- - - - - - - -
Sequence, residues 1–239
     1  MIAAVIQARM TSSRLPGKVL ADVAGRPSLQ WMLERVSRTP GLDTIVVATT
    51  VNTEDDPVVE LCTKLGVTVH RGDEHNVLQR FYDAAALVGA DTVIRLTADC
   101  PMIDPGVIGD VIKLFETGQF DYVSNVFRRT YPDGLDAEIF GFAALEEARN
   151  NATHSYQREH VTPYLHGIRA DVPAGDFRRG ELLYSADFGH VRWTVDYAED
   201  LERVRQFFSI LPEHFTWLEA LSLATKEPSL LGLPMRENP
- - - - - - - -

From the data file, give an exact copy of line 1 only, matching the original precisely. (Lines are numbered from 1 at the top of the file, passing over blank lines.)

Sequence, residues 1–239